Part 4 of a 5-part series
On a Wednesday just before Christmas, Chief Louis Kealoha addressed the Honolulu Police Commission.
The police commission meets twice a month, its primary role to watch over the police department, keep track of the police chief and hear citizen complaints.
But on Dec. 5, the Honolulu chief didn’t update the commission in open session on conduct in his department, pending investigations or any disciplinary actions taken against officers.
Instead, Kealoha sat at a conference table inside HPD headquarters, flanked by other uniformed officers, and touted an upcoming holiday event that he was especially proud of.
“Shop with a Cop” is a program designed to serve underprivileged children during the holidays. Police officers take a child to buy gifts they normally can’t afford, often using their own cash to help the kids out. It’s an effective community outreach program for departments across the country.
What Kealoha didn’t talk about were the three officers listed on the agenda who needed legal representation from the city because they were being sued in federal court. Kealoha didn’t offer any details and the commission didn’t ask for any.
Any members of the public at the meeting also were left to wonder about the six citizen complaints lodged against HPD officers and listed on the agenda only by case number.
Kealoha did take a few minutes to tell the commission about a letter from an Arizona couple thanking HPD for helping them out while they were vacationing on Oahu.
A few minutes later, Commission Chairman Marc Tilker ended the public portion of the meeting. The only members of the public present were a Civil Beat reporter, editor and videographer. The journalists left and they closed the door.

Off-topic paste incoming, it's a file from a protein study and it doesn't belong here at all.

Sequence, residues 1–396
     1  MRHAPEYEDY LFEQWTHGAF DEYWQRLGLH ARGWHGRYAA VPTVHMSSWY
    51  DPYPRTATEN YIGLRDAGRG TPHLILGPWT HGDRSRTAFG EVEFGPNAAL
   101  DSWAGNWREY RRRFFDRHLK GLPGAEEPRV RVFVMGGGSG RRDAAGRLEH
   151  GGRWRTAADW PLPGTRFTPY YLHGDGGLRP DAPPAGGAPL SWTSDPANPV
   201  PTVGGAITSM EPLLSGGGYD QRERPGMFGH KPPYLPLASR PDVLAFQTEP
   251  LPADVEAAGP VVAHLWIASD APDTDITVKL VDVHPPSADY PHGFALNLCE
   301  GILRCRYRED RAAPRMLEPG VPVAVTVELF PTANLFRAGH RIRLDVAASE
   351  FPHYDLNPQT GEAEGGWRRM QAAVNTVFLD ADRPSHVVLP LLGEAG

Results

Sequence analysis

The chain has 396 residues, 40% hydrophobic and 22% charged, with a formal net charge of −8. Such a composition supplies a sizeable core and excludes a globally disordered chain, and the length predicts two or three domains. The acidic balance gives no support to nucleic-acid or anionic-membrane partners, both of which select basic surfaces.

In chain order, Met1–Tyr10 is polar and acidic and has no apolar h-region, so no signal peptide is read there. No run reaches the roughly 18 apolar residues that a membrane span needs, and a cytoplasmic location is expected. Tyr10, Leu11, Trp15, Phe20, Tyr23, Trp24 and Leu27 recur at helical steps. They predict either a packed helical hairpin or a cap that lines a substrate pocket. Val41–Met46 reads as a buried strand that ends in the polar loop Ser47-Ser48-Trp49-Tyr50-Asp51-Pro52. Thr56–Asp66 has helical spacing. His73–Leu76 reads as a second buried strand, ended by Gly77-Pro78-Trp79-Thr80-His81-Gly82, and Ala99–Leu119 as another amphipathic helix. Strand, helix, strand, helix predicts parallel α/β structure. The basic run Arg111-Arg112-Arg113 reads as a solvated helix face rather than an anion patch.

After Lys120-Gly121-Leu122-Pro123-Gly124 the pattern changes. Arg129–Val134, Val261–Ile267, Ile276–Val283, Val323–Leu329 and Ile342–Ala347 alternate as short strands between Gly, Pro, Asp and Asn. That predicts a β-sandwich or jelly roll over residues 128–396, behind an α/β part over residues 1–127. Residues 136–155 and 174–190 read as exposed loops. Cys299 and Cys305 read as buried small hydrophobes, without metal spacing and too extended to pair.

Inside the room, the commissioners took up Chief Kealoha’s annual performance review and the six citizen complaints — conduct unbecoming an officer, overbearing conduct, mistreatment of prisoners and threats.
The Honolulu, Maui, Hawaii and Kauai police commissions were created to watch over law enforcement, but their oversight powers are limited by the county charters that created them. They can’t fire a cop, other than the police chief. They can make suggestions but they can only review policies and practices of police agencies, but not put new ones in place.
The commissions only handle citizen complaints. The most serious misconduct, such as that involving crime, is typically handled in-house by a department’s internal affairs division, which closely guards the results of its investigations. From there it’s up to the prosecutors, who rely on information fed to them by the police. They don’t provide independent oversight of police.
Police commission proceedings, too, are shrouded in secrecy. Meetings take place largely behind closed doors and detailed information about misconduct investigations — even when wrongdoing is substantiated — isn’t made public. There’s no way for the public to judge for themselves if the police are being held accountable.
Tilker is unapologetic about the system of checks and balances. He’s been with the Honolulu Police Commission for the past four and half years, and when he sees that only 12 HPD officers out of nearly 2,000 have been discharged over the past 13 years he sees a clean department.
“We’re a safe, big city,” Tilker said.
But he’s not interested in taking his job any further — looking more closely at whether HPD is correctly and effectively addressing misconduct. Should more than 12 officers have lost their jobs in the past 13 years? That’s not his question to answer.
Tilker says it’s not the job of the commissioners to micro-manage the department. They put their trust in Kealoha, who Tilker says reports on disciplinary actions taken against officers during executive sessions. But Tilker won’t disclose what’s discussed in those conversations.
Kealoha refused to be interviewed for this series of stories on police misconduct and disciplinary records. He backed out on a meeting with Civil Beat in mid-February.
But Tilker believes it’s the citizen commission that has the power.
“I’ll tell you why we have the ultimate control,” Tilker said. “Because we hire and fire the chief. The chief has four stars and we have five.”
County police commissions are made up of volunteers appointed by the mayors. In Honolulu, the seven police commissioners include business and community leaders:
Max Sword, vice president of industry relations for Outrigger Enterprises Group; Cha Thompson, president of Tihati Productions and Ron Taketa, the treasurer of the Hawaii Carpenters Union.
Eddie Flores Jr., president and CEO of L&L Drive-Inn; Louella Costales, sales leader for Holiday Retirement; Helen Hamada, graphic designer and former Hawaii Government Employees Association president.